Southwest Airlines, for example, spotlights
company culture and customer service. It recognizes employees regularly on its website and in its brand magazine, and the airline
maintains a library of videos sharing stories from happy customers.
The win-win of employee activation
Active employees also have plenty to gain. Sharing insights and expertise
can boost their own brand, too. Eighty-six percent of those who have been a
part of a social media advocacy program for their job have said it has
helped their career.
Here are a few bonuses companies are seeing from employee activation:
- Improved reputation.
Increased brand advocacy from employees can lead to a
43 percent more favorable public image.
- Easier to attract top talent.
trusted three times more than your organization’s CEO by potential recruits. When they are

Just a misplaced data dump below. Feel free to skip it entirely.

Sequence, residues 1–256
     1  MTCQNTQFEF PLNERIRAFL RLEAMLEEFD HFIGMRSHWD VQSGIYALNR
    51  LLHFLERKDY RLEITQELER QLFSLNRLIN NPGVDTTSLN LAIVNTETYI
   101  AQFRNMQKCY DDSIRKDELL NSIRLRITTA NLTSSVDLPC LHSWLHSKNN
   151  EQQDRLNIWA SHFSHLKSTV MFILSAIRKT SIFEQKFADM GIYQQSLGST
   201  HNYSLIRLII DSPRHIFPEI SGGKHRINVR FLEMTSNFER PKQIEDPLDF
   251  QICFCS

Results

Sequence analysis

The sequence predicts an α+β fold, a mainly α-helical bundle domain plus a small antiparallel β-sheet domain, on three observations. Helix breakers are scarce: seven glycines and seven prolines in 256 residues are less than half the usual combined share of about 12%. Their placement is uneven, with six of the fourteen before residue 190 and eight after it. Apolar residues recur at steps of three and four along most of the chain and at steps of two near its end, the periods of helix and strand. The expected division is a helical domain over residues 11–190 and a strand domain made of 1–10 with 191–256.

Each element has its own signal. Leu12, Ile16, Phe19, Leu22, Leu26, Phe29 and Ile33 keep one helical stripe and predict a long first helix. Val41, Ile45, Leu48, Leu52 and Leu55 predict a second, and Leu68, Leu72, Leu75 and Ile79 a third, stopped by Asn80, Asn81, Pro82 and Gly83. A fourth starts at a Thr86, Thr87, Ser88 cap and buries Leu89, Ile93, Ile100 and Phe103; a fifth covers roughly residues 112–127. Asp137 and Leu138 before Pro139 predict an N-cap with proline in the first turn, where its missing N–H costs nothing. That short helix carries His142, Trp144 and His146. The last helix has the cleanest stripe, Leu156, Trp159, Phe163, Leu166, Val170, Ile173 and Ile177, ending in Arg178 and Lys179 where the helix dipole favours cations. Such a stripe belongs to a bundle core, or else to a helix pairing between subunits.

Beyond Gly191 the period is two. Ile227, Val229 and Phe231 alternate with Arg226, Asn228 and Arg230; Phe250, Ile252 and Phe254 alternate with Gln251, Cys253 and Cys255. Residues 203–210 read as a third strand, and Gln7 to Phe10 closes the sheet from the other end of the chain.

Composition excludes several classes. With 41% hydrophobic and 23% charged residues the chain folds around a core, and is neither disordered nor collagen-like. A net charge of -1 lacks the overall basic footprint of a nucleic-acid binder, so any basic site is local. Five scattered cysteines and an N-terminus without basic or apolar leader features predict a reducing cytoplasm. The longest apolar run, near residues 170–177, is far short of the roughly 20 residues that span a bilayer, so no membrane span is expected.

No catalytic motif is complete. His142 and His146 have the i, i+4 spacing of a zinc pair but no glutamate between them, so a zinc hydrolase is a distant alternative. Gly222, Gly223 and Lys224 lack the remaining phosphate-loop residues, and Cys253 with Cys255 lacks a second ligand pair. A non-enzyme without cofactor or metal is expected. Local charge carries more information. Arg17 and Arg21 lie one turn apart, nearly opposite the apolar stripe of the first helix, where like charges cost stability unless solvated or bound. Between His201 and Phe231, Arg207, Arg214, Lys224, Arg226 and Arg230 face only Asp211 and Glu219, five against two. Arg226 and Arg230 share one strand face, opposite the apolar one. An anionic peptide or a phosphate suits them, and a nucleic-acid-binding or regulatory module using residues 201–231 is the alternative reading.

visible on social media as brand representatives, it’s much easier to
attract high-quality hires.
- Increased employee retention. Companies with active social media engagement are
20 percent more likely to retain talent.
- Better brand storytelling. Want more
authentic content? Get it from the people who are the heart of your business by inviting
them to share their voices.
- Boost in sales leads.
For employee sharing on LinkedIn, research shows that sales leads
increase by as much as 58 percent.
Three brands excelling in employee advocacy